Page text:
NC NAACP and NC LBC to GOP: “We’ll fight you”
By Cash Michaels of The Wilmington Journal
Call it a “war council,” if you will, because according to the NC NAACP, the NC Legislative Black Caucus and others, it’s all hands on deck across the state to fight what it calls the “extreme attacks on voting rights and human dignity in many forms by the current leadership of the NC General Assembly.”
Tuesday evening, an “emergency community assembly strategy session” was held at Pullen Memorial Baptist Church in Raleigh, held by the NC NAACP, the HK on J People’s Assembly Coalition and others, to plot how to stop the Republican-led Legislature.
Last week, as Rev. Dr. William Barber, president of the NCNAACP predicted a month ago, Republican lawmakers in both the state House and Senate filed bills that collectively, if passed, would end same-day voter registration; cut the One Stop/early voting period down from two weeks to just one week; end Sunday “Souls to the Polls” early voting; and end straight ticket voting.
“The legislature is trying to crucify voting rights in this state,” Rev. Barber said during a Good Friday press conference at Pullen.
On Wednesday, in another apparent effort to suppress the youth and college vote in the state, a Republican bill in the state Senate was filed to tax the parents of in-state college students who register to vote at their schools, instead of their home addresses.
Critics say the GOP drive to cripple base voters of the Democrat is more than apparent.
Studies show that in North Carolina, African-American voters are overwhelmingly in favor of the early voting as it currently exists, especially “Souls to the polls,” where black churches beings vans of voters from their congregations to cast ballots.
Over 56 percent of the 4.5 million votes cast in the November 2012 election were early votes, with Republicans comprising at least 40 percent of those, studies show.
Indeed, blacks comprise a sizable number of early voters in the state, something some observers say Republicans want to curtail by changing the laws, and implementing voter photo ID.
Over 30,000 North Carolinians voted on Sundays per the last two presidential elections, according to the NC Democratic Party, another Democrat advantage the GOP would like to be rid of in order to hold on to their majorities in the General Assembly, critics say.
The GOP legislation, if passed, would also make it easier for voters to mail-in absentee ballots, something that is favored more by Republicans, who tend to be upper-income compared to black Democrats, and travel more frequently.
Republican lawmakers say the cost of early voting has to be curtailed, plus their legislation limits possible voter fraud. Critics counter that when the state of Florida cut early voting last year, voters had to wait on long lines for over 8 hours, still costing the state money and embarrassing Florida. Gov. Rick Scott has now decided to extend early voting back to 14 days, which is what it was previously.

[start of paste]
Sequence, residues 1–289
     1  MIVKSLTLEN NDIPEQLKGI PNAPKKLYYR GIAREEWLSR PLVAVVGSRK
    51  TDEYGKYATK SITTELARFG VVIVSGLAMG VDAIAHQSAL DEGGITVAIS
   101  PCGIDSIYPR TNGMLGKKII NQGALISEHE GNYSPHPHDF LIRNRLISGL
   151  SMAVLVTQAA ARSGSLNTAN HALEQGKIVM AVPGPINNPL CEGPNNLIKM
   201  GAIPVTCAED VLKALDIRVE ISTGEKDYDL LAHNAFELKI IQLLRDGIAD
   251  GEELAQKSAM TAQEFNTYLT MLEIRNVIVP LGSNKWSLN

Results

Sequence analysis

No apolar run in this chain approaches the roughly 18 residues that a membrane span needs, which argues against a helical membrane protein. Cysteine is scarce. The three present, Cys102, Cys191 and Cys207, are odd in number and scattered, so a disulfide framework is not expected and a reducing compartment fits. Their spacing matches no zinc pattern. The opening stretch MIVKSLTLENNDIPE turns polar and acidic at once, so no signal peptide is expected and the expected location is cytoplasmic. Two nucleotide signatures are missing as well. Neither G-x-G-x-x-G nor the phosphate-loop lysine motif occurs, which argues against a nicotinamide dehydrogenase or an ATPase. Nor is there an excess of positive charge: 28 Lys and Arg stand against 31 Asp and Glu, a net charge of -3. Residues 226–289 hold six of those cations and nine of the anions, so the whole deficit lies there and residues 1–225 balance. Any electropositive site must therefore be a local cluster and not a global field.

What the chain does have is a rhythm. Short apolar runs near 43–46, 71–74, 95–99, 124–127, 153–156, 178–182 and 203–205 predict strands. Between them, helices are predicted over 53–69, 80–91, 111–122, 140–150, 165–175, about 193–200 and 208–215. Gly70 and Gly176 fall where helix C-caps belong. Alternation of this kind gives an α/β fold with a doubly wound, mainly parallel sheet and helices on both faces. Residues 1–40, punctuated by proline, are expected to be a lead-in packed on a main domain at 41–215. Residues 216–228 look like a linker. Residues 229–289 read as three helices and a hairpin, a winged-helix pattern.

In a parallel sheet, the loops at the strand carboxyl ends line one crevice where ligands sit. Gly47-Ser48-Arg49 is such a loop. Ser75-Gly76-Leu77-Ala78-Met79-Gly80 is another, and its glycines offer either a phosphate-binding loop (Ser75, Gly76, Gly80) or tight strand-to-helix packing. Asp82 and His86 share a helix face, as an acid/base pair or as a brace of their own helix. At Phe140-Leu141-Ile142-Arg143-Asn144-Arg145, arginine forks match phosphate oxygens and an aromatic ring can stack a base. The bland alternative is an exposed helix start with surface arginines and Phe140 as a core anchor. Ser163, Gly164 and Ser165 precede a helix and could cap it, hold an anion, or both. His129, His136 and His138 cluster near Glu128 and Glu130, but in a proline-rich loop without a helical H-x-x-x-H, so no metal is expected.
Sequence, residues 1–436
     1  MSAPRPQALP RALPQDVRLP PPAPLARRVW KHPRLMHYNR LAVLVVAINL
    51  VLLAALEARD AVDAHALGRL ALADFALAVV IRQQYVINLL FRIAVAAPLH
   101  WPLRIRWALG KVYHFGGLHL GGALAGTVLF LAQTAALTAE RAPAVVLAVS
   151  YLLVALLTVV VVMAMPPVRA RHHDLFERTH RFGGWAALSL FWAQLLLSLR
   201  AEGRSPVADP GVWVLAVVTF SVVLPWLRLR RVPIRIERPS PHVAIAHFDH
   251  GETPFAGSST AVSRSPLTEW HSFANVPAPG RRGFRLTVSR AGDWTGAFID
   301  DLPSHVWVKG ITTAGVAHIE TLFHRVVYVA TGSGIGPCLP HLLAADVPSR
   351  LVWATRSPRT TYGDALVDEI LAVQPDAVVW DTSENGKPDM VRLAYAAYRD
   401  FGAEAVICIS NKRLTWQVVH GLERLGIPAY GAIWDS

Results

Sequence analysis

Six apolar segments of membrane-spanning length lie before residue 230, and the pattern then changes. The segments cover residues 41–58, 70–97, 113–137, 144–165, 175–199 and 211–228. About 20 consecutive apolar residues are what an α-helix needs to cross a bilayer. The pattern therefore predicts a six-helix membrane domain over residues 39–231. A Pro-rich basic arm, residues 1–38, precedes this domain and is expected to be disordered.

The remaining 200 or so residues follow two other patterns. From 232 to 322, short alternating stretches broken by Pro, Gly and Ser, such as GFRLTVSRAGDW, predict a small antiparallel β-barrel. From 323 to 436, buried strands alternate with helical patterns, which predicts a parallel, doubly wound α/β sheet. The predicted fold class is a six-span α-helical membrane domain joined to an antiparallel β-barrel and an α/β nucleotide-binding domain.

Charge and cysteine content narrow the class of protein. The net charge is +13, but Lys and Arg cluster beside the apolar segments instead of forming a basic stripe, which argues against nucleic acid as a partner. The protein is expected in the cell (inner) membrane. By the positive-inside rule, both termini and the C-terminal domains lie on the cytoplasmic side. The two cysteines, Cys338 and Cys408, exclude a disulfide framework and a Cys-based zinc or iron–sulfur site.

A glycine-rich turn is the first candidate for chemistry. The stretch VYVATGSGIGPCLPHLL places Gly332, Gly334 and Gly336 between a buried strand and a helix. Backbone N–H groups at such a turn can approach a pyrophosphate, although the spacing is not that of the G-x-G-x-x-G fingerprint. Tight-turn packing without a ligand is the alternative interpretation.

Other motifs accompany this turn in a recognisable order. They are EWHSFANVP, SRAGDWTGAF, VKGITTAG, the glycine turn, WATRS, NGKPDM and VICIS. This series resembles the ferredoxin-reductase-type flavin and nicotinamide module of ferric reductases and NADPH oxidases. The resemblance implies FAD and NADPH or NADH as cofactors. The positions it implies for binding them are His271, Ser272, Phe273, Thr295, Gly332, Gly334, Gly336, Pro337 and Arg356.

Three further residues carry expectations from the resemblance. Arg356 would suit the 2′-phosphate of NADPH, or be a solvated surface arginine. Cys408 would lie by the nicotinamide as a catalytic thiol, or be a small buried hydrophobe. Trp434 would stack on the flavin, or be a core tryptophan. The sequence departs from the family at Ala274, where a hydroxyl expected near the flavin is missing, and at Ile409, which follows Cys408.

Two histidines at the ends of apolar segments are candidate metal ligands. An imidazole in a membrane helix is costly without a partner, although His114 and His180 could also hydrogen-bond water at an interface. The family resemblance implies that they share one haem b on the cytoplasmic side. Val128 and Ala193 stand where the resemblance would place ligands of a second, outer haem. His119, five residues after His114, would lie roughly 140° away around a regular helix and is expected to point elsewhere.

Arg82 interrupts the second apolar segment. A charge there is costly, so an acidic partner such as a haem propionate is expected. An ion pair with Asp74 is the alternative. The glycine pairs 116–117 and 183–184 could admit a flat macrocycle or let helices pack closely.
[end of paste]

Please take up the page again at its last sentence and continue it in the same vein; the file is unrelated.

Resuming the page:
NC House Rep. Edgar Starnes (R- Caldwell), the sponsor of one of the bills, says voting on Sunday isn’t something that should be allowed because it is the Sabbath. He denied that his bill targeted black Sunday voters.
The NC Legislative Black Caucus, however, isn’t buying it. It joined the fray Tuesday, vowing to fight the GOP voting overhaul with everything it has.
“We cannot, must not, and will not sit on the sidelines and let this happen, state Rep. Garland Pierce (D-Scotland), chair of the NCLBC, declared.
Rep. Pierce, who is also an ordained minister, blasted Rep, Starnes’ belief that people shouldn’t be voting on Sunday.
“I don’t see anything wrong with (Sunday voting)…” Pierce said. “You can go to work on Sunday. We go shopping on Sunday. Some buy and consume alcoholic beverages on Sunday. Some complete absentee ballots and drop it in the mail on Sunday.”
“The Bible says, if your ox is in a ditch (on the Sabbath), get him out,” Pierce added. “Our state is in a ditch.”
The editorials in major newspapers across the state have pounced on the GOP for what they see as a purely partisan power grab.
The News and Observer asked, “Do they not feel confident enough in what they’ve done and what they plan to do that they now think they need every advantage when it comes to the rules even if their rules might reduce participation? Don’t they think they can successfully stand for election and re-election on the merits of their ideas?”
“Republican leaders say this is really about cutting costs, not cutting into Democratic turnout. But the political implications are obvious”, wrote The Salisbury Post.
And The Durham Herald-Sun warned, “Trying to marginalize Democratic voters with the calendar doesn’t really guarantee an edge for Republican candidates. But it certainly might galvanize Democratic response.”
The coalition of progressive groups against the GOP agenda is growing with each new bill that is filed. Progress NC, a nonprofit advocacy group, announced its opposition to the voting changes Monday at the Legislature.
On Wednesday, on another issue concerning to progressives, Republicans in the state Senate voted to repeal what was left of the 2009 NC Racial Justice Act, which prohibited racially-biased verdicts in death penalty cases.
That bill also seeks to restart capital punishment in the state, which has been on hold because of legal cases since 2006.